We also find some evidence of differences in quality upgrading by type of robots. Adoption of more basic robots leads to quality upgrading in developing economies, whereas some sophisticated robot applications lead to stronger quality upgrading in advanced economies. For instance, in terms of cutting machines, we find mechanical cutting robots matter more for quality upgrading in emerging economies and laser cutting robots more for high-income economies.
Figure 2 Effect of robot adoption on export quality: All countries, developing and developed
Note: The following figure illustrates the estimated coefficients in the second stage 2SLS regression of robot adoption for all countries, developing countries and developed countries. Country income status is defined by the World Bank (2000). Controls include (log) employment and (log) real value added per worker at the country-industry-year level, as well as exporter*10-digit product and exporter*year fixed effects.
Differential gains depending on initial quality
Within each country, robots lead to quality upgrading of initially low-quality exports, furthest from the quality frontier. This is true of both advanced and developing economies. For example, products that are initially 10% further from the quality frontier achieve a 1% faster increase in quality from a given growth in robot stock in developed economies, and a 1.3% faster increase in quality in developing countries. Since developing economies in general tend to produce lower-quality exports, this reconciles the stronger aggregate quality upgrading we observe for developing countries in Figure 2.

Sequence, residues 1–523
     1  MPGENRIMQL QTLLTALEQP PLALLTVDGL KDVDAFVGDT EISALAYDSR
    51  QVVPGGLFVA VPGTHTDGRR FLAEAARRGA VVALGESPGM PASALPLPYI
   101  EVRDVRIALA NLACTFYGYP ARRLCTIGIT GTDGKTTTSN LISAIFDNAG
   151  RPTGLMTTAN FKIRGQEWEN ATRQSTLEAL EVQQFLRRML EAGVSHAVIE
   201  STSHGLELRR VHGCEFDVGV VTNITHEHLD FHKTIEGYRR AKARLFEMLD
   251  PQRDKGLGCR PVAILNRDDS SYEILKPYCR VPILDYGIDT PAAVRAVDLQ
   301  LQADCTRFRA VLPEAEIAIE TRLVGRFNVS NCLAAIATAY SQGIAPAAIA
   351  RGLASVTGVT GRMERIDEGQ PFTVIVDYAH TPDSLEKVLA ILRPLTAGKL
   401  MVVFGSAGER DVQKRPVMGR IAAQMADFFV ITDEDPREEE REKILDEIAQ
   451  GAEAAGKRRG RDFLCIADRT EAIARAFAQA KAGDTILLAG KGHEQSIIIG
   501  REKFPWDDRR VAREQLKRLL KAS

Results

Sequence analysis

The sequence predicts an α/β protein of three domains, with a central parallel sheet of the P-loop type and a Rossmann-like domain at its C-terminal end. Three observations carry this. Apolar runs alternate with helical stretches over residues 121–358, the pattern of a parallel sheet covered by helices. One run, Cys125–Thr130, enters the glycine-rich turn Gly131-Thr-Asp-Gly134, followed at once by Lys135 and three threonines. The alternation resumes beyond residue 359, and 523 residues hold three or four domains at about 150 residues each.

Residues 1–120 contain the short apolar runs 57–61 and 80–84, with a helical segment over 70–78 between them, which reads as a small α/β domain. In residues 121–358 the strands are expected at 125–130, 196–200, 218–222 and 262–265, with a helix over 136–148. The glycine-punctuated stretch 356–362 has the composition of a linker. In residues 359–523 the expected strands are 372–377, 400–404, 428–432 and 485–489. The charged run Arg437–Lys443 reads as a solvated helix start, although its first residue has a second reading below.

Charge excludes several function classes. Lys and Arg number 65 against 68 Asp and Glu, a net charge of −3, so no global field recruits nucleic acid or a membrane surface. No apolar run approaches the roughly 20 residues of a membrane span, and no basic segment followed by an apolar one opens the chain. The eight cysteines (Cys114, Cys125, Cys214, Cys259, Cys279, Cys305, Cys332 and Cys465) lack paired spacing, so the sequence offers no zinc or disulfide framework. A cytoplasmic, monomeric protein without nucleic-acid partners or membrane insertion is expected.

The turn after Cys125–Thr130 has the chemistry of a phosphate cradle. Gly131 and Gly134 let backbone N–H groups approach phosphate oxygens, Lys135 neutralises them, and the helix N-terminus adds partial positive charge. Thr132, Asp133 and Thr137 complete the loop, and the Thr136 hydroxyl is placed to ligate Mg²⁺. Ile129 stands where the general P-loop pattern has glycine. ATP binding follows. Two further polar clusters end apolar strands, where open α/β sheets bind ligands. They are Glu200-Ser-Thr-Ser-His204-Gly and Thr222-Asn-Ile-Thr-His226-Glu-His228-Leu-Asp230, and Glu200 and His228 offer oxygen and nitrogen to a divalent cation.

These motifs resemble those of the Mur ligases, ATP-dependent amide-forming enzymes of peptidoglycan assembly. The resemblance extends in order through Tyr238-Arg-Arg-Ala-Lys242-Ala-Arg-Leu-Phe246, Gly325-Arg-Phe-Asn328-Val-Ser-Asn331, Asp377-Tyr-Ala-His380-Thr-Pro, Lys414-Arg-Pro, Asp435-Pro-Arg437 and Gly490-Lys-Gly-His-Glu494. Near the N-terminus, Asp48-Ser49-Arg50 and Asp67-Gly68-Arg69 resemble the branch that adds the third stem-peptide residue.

The fact that robots matter more for initially lower-quality goods in both developed and developing countries suggests that robots are important for economic development. Quality improvements in production and exports help determine economic development (Hidalgo et al. 2007, Fontagne et al. 2008). Robot adoption appears to enable catch-up in export quality, given that the gains are stronger for initially poorer quality exports. For developing countries, robot diffusion may therefore help them to overcome quality standard that firms face looking to participate in and climb the ladders of global value chains.
We find that robots lead to export quality upgrading, but the gains are not spread evenly. Much of the quality upgrading is obtained by developing countries. Within countries, we find that robots lead to upgrading for initially low-quality products – a result found for both developed and developing countries. Since developing countries tend to export lower-quality goods, the gains from robots are larger for these types of countries. Developing countries therefore have greater potential for quality catch-up through automating their production.
Our results have several important implications for policy. First, technology always creates winners and losers. While automation poses risks, it also presents new opportunities for developing countries through the ability to upgrade production and leverage the benefits of global value chains. Second, trade openness can help technologies like robots diffuse through supply chains and across borders. Increased protectionism may stymie the potential for international technology diffusion and constrain the ability of firms in developing countries to upgrade production processes, move into higher value-added activities, and produce the high-quality products increasingly demanded by consumers globally. Finally, there is no ‘one size fits all’ recipe for policy targeting technology adoption. Firms and countries adopt different types of production technologies depending upon their factor endowments and incentives to do so. Thus, encouraging only the most advanced technologies is unlikely to be appropriate, especially for developing economies.